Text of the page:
Saving money is a no-brainer. Its benefit is obvious. You have more money! Your bank account grows. Your 401(k) grows. You can retire (potentially early) and do fun things with the savings you’ve built up over time.
But there’s a second, hidden benefit to saving money. It recently came up for Kelly and me in our personal lives.
The habit of saving builds slack into your day-to-day life. That slack is a resource in and of itself and can be called upon when needed.
In other words:
- Sure, it’s nice to have $10,000 in the bank. That’s the obvious benefit of saving.
- But it’s also nice to know you have $1000 of surplus in your monthly budget.
For example, Kelly and I recently bought a house. Exciting! But it’s a big financial move, and I feel a bit out over my skis.
Our new housing payment has me thinking, first and foremost, about caution. We’re entering a new regime of monthly payments. To be more cautious, I want to increase my slack.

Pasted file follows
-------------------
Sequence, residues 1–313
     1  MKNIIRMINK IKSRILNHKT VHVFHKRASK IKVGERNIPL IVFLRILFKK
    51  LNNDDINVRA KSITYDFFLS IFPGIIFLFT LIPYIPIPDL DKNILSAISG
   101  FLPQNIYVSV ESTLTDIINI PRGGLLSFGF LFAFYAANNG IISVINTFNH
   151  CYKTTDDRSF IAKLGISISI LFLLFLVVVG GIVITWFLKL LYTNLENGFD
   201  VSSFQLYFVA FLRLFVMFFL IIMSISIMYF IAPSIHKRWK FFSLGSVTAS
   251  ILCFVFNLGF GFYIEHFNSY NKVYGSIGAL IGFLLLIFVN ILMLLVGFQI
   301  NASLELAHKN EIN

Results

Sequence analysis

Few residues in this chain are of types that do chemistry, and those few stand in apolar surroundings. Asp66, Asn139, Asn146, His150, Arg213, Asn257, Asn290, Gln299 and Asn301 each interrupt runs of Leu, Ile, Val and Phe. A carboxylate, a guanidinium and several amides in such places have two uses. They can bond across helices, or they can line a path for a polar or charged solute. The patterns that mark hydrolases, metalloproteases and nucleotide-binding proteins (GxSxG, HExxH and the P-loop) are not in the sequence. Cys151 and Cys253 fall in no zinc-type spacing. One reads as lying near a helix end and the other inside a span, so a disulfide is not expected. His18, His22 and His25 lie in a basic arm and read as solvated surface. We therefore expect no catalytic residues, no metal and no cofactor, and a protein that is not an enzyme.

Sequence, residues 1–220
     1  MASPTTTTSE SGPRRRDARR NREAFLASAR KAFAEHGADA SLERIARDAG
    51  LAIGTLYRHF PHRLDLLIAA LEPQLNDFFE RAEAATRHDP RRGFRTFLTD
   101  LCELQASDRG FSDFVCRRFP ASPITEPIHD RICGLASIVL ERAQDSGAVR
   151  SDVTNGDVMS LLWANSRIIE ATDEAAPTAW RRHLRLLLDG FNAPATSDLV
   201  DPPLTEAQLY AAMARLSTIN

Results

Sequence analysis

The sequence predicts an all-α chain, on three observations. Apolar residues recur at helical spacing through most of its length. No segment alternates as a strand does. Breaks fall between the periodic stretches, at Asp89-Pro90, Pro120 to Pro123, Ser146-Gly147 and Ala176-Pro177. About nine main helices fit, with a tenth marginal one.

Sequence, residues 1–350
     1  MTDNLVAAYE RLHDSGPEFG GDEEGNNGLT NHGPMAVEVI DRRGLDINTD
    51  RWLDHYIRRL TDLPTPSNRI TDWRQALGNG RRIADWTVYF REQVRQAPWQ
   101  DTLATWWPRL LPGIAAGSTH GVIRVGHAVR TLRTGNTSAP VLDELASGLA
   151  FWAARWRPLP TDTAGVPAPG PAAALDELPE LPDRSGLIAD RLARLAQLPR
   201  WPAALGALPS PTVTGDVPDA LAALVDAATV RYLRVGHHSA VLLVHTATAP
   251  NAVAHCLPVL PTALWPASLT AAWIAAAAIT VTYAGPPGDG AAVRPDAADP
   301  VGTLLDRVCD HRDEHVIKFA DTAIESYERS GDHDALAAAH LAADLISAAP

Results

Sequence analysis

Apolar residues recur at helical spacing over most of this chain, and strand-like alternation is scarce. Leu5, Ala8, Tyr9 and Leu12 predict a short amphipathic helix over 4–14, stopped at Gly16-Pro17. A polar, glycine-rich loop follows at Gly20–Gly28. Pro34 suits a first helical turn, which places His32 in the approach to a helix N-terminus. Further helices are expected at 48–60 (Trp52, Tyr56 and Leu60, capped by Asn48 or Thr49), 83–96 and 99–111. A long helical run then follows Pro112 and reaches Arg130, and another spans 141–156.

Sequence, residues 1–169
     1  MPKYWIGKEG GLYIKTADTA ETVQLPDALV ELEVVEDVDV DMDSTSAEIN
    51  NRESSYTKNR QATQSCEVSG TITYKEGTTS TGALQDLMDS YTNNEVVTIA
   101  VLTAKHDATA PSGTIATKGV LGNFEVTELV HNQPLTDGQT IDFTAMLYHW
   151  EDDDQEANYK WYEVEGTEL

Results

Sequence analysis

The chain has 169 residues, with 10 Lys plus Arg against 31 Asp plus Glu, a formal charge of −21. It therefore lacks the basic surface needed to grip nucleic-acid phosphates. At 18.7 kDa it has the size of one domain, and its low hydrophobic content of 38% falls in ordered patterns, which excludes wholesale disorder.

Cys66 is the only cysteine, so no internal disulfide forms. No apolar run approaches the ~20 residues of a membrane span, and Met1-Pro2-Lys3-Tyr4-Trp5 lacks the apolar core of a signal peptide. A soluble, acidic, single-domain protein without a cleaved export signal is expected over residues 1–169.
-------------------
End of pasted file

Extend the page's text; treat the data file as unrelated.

For the first few months, I plan to:
- Decrease 401(k) contributions to only 5% per paycheck. That still maximizes my company match. But not a penny more.
- Decrease monthly Roth IRA contributions to $0. I can always “catch up” with a lump sum at the end of the year.
- Decrease HSA contributions to $0. Same as above.
- Throttle back many of my “Fun” budget categories
The house is a more pressing short-term need. So I’m re-routing those dollars for additional housing buffer. That’s a hidden benefit of saving money. Yes, it’s just simple arithmetic. But it’s important to understand.
But Jesse – it’s important to save while you’re young! You’re choosing to save less!?
I completely agree.
Over the past decade, Kelly and I have done our best to save. Especially in recent years. We’ve maxed out our 401k accounts, our Roth IRAs, and our Health Savings Accounts. Any remainder goes into high-yield savings accounts or taxable investment accounts. We earn healthy salaries in a medium-cost-of-living city. We’ve made deliberate choices to enjoy life in some ways, cut spending in other ways, and save/invest the difference.
Our saving bought us time. That’s what we’re leaning on right now. We can’t avoid saving forever. But if we need a year, or two, or five before we start hardcore saving again, we have that time.
Flexibility is a resource. Especially in personal finance. A saving habit buys you flexibility in many different ways.
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